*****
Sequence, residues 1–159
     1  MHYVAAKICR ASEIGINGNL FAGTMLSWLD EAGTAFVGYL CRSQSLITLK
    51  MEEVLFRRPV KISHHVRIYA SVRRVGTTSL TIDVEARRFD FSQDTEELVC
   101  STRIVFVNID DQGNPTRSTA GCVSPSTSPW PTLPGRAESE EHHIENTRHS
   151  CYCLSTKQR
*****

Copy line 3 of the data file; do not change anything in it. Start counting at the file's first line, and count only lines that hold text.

    51  MEEVLFRRPV KISHHVRIYA SVRRVGTTSL TIDVEARRFD FSQDTEELVC